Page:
Knife attack at Chinese train station injures six
The knife attack in the southern city of Guangzhou was the third such incident since March. Suspicion has fallen on China's Uighur minority, though facts are thin on the ground.
China is once again scrambling for answers in the wake of another ferocious train station attack, the third in as many months.
Six people were stabbed today in the knife attack at Guangzhou station in southern China, according to official media. Police said they shot and injured one male assailant, but eyewitnesses told Chinese media there were at least two knife-wielding attackers and possibly more. The one suspect is reportedly hospitalized in Guangzhou, the capital of Guangdong Province, a manufacturing hub that is a magnet for migrants from across China.
Suspicion for the attack has fallen on Uighurs, a Muslim Turkic ethnic group from the far west province of Xinjiang. Witnesses told Chinese media the assailants were wearing “small white hats,” which could indicate they were part of a Muslim minority. White skullcaps are commonly worn by Uighurs and other Muslims in Xinjiang and other parts of China.
However, as with the earlier attacks, police and government officials have kept a tight lid on information and heavily censored online speculation and commentary.
Last week, a bombing killed three and injured 79 people at a train station in Urumqi, the Xinjiang capital. Two assailants were among the dead. President Xi Jinping, who was in the city at the time of the attack, pledged to stamp out terrorism with “decisive action.” Police said they are searching for a Uighur man in connection with that attack, but information remains sparse about both motives and suspects.
In March, a gang of eight knife-wielding attackers killed 29 people and injured 143 others at a train station in the southwestern city of Kunming. Police, who called the incident a terrorist attack perpetrated by Uighur separatists, shot four of the perpetrators. Witnesses reported a frenzied slashing attack that came without warning.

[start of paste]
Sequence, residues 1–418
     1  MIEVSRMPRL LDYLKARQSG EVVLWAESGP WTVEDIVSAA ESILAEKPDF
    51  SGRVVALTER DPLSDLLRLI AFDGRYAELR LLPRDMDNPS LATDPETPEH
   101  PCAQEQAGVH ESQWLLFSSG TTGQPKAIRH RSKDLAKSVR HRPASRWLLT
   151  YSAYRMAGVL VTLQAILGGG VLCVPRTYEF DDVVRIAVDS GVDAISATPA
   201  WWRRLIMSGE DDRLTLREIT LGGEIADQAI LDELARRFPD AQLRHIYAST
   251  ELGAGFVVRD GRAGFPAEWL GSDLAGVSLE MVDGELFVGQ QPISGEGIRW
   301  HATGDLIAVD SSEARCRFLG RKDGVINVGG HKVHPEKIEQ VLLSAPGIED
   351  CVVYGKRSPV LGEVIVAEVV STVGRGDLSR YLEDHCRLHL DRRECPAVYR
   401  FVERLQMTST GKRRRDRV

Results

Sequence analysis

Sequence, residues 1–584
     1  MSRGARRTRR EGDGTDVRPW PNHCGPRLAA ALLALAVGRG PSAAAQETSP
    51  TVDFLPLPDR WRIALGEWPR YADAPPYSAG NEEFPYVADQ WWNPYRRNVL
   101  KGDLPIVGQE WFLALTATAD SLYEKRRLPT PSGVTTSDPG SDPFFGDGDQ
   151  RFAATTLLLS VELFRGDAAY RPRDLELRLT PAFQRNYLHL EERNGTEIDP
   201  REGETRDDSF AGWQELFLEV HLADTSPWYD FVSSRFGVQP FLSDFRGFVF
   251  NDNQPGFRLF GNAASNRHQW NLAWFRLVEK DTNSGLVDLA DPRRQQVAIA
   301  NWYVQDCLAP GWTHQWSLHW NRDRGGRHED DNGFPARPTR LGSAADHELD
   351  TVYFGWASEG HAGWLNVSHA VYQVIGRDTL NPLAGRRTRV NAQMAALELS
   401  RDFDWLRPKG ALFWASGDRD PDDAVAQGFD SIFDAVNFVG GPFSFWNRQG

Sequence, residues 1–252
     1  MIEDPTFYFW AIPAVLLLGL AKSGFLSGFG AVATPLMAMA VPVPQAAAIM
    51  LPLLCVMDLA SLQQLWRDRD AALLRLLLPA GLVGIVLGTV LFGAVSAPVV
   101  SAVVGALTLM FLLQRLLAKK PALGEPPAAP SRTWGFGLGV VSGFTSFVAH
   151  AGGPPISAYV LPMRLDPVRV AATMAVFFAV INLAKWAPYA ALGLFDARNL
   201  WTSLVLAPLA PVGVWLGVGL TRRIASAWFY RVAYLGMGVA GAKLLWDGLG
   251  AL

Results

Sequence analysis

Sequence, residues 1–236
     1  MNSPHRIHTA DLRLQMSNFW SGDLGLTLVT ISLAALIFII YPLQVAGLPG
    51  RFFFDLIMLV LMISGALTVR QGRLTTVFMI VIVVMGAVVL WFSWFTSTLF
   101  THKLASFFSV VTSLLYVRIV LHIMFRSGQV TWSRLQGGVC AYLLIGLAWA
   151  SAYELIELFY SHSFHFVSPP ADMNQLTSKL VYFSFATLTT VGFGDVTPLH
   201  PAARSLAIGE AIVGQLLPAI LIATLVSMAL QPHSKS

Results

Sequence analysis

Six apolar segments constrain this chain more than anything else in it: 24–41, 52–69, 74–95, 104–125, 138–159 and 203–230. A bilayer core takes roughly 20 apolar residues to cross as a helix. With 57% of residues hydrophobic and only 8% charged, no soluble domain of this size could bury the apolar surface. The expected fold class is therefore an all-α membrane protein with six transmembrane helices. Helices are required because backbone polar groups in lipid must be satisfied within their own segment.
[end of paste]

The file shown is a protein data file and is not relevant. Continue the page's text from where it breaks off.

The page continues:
More remains unknown than known about these attacks, however, largely thanks to China’s heavy hand in censoring its own media and controlling access to Xinjiang by foreign media. Though the province is technically open to journalists, reporters are heavily monitored there and sometimes sent packing as soon as they arrive. Local sources are watched and can be punished for speaking out.
Meanwhile, in comments likely to provoke the Chinese government, exiled Uighur activist Rebiya Kadeer has urged authorities to look into the cause of Xinjiang's turmoil. China has in the past blamed Uighur unrest on outside forces stirring up dissent and is particularly fond of lambasting Ms. Kadeer, who heads the World Uyghur Congress.
“I also call on the Chinese government to take complete responsibility for the failure of its ruthless policies, which is what led to this tragic outcome,” she told Radio Free Asia. “I ask the international community to look deep into the root causes which provoked this incident…. I call upon the international community to conduct a fact-finding investigation into this event.”
Uighurs have long complained of religious and cultural repression by the Chinese government. No organized group has claimed responsibility for this year's terror attacks or a suicide car bombing last year in Beijing's Tiananmen Square.